The March for Science is a March for All of Us

Who owns science?

This may not be a question you think much about. But did you know that, as a taxpayer, YOU are generating scientific knowledge? You fund the research we all rely on in our daily lives: from the science that ensures the safety of our food and medicine to the sustainable management of our fisheries and protection of our environment. Science is by its very nature a public good and should be treated as such because you, as a citizen, helped create it.

Your access to the science you helped create is in jeopardy. It is stripped away when federally imposed gag rules limit how much scientists can tell you about their work. It is eroded by grant, hiring, and contract freezes, which restrain what research scientists can do, keep agencies from hiring the best candidates, reduce economic growth and development, and waste resources. Regardless of our political affiliations, we are all impacted when science comes under fire, and every one of us – scientist or not – should respond when the integrity and transparency of science is threatened.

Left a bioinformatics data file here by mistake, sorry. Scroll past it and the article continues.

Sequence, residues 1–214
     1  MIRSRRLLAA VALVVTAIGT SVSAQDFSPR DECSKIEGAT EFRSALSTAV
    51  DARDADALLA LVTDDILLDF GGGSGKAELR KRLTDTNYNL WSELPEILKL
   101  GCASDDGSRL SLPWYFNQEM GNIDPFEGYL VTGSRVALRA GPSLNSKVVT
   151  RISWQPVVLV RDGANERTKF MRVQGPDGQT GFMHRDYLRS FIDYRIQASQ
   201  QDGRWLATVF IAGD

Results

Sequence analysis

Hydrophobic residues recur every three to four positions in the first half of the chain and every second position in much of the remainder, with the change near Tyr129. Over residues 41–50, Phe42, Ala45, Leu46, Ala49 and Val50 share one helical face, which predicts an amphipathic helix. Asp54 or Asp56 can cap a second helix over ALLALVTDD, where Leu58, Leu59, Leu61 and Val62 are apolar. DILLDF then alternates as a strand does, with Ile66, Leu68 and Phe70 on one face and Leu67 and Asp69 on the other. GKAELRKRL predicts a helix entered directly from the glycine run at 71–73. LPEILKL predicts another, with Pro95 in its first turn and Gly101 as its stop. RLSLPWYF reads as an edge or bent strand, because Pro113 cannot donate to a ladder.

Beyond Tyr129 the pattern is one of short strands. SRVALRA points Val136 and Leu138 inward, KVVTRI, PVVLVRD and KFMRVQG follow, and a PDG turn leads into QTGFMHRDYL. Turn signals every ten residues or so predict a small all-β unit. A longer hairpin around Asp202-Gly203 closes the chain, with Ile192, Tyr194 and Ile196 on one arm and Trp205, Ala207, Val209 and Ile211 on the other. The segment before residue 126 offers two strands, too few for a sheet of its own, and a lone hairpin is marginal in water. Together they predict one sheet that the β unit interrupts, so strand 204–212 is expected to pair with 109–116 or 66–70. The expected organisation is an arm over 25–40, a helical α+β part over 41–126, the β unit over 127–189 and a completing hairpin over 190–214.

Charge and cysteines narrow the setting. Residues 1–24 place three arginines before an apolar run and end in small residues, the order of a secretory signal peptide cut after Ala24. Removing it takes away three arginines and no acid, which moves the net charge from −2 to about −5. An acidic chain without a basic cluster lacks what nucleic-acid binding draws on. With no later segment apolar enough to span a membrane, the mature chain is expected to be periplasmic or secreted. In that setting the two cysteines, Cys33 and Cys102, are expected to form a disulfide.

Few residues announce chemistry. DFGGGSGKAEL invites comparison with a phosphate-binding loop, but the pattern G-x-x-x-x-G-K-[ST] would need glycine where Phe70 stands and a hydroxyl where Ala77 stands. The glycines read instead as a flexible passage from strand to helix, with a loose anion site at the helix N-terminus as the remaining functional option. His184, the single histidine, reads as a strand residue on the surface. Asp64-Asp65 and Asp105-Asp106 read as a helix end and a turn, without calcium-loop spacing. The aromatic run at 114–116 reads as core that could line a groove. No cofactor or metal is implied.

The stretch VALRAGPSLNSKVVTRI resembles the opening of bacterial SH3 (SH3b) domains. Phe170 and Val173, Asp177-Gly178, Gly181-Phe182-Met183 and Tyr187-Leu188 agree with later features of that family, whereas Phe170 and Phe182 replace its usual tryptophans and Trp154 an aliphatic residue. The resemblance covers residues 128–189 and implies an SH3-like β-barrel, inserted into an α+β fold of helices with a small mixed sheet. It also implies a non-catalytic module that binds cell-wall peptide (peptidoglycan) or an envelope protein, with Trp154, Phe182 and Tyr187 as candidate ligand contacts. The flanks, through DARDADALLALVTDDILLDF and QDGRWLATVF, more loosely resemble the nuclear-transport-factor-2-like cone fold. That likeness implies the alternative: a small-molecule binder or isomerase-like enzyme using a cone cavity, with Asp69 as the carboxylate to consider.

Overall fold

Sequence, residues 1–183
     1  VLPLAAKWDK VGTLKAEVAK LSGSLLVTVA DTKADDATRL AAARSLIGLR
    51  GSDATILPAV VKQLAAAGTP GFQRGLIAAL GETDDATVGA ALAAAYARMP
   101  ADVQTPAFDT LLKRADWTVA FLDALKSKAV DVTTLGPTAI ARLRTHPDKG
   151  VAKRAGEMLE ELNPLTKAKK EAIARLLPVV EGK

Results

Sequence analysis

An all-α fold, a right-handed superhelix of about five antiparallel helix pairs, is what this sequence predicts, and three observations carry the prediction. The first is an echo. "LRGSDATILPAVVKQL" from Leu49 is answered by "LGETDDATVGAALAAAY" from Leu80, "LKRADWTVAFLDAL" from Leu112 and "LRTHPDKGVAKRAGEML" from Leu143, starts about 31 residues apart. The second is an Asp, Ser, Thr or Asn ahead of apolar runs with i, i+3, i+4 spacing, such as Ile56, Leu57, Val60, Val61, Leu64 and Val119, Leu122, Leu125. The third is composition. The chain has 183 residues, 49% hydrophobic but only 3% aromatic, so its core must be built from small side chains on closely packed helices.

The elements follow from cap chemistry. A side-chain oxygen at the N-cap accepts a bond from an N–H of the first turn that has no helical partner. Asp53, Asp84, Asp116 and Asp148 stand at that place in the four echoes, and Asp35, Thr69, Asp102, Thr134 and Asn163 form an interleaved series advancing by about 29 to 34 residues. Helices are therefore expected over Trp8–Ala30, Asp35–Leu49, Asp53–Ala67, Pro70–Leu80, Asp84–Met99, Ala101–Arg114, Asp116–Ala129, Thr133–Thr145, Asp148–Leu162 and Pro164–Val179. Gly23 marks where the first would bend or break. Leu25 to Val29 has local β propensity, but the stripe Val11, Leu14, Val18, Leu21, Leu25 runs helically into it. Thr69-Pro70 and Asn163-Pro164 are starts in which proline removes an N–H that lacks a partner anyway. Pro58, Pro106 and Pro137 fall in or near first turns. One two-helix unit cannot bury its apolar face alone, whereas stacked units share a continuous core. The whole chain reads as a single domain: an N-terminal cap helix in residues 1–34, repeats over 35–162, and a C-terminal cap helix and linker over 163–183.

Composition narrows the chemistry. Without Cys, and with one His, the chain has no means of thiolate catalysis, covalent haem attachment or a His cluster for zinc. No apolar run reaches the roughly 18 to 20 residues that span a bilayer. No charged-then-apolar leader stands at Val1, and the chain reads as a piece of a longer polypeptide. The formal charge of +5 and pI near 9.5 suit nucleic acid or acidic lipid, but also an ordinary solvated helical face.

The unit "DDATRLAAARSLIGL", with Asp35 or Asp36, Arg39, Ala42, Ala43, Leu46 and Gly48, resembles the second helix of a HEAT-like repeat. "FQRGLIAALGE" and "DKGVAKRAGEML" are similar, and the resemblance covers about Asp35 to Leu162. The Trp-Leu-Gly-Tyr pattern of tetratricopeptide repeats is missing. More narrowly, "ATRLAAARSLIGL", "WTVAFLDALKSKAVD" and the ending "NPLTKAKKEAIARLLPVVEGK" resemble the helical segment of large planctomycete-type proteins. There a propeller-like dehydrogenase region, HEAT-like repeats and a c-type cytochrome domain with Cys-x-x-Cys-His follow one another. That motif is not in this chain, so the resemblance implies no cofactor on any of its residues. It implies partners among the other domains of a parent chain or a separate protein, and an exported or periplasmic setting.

Recent executive orders jeopardizing scientific integrity motivated a March for Science this coming Saturday, which has been perceived as controversial and partisan. I would like to refute these claims, to clarify the purpose of the March, and to demonstrate its importance and necessity. After all, this is not a scientists’ march, it is a march for science.

First, the March itself does not politicize science. Instead, it is a means for pushing back on the misconception that science is partisan because the importance and ownership of science transcends political affiliations. At its core, science is a way of understanding the real world – a methodology founded on rigorous, objective observation – not party affiliations, biases, or opinions. Similarly, the March for Science is not a culture war or a partisan rally that should devolve into “us” vs. “them” debates. The March is about standing for what is rightfully ours – equal access to science and publicly funded results. It is a reminder that the science we pay for – not opinions that we don’t – should inform our policies.